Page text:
Following up on the points made in this post and this one, former EU competition commissioner Mario Monti has a comment article in today’s FT (behind the firewall unfortunately, but his point is clear from the extract):
The single market, a key pillar of the European Union since its foundation, is in danger. Several member states are reluctant to proceed further in building it; they oppose, for example, the services directive. They even try to undermine the working of those components of the single market that are already in place â€“ and oppose foreign takeovers.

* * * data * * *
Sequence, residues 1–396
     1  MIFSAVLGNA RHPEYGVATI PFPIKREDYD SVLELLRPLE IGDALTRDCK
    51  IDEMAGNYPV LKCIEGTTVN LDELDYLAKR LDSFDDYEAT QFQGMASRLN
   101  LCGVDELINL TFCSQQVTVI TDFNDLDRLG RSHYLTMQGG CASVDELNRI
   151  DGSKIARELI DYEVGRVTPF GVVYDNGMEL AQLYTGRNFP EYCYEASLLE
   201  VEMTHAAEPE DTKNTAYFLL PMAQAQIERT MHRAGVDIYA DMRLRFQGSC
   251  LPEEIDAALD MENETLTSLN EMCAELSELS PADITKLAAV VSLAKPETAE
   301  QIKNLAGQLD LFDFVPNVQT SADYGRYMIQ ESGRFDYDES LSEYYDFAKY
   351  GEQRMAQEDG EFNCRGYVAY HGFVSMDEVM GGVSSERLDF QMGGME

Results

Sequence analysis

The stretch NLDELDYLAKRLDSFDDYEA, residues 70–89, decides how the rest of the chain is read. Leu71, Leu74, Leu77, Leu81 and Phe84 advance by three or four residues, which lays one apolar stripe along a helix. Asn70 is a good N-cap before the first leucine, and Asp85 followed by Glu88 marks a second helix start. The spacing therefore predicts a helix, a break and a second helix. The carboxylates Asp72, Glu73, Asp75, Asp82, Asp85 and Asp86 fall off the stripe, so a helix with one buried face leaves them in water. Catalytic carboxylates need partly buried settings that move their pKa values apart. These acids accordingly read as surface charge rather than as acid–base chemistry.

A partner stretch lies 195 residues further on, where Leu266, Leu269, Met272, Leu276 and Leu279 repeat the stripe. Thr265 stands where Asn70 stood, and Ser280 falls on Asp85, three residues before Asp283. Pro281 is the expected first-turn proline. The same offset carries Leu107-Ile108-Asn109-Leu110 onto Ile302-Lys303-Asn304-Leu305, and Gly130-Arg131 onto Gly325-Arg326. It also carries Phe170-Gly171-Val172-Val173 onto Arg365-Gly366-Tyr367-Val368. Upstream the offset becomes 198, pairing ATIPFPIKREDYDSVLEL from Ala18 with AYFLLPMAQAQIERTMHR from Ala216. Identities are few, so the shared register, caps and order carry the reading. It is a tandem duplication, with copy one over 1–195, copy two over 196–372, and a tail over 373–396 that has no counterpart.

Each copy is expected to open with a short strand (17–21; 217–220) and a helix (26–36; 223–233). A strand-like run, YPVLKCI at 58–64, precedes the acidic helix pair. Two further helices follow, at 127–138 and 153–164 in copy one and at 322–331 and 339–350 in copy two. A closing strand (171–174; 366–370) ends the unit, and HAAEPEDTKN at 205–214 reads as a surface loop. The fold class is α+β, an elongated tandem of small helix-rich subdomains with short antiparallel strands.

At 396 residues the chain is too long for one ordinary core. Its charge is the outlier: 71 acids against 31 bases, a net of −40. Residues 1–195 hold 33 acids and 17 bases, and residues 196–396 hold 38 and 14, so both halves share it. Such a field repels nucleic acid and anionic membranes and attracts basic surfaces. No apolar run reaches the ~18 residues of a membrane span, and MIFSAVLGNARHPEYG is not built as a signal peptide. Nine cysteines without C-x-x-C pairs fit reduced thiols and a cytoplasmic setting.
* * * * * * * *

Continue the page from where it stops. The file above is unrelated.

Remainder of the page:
Worryingly, the epicentre of this revolt against the single market lies in countries that are at the core of the single currency. The eurozone, in order to deliver the benefits expected from the euro, needs to have more of a single market than the rest of the EU, but already it is getting less. The euro, meant to be the crowning achievement of the single market, looks increasingly like a currency in search of its market.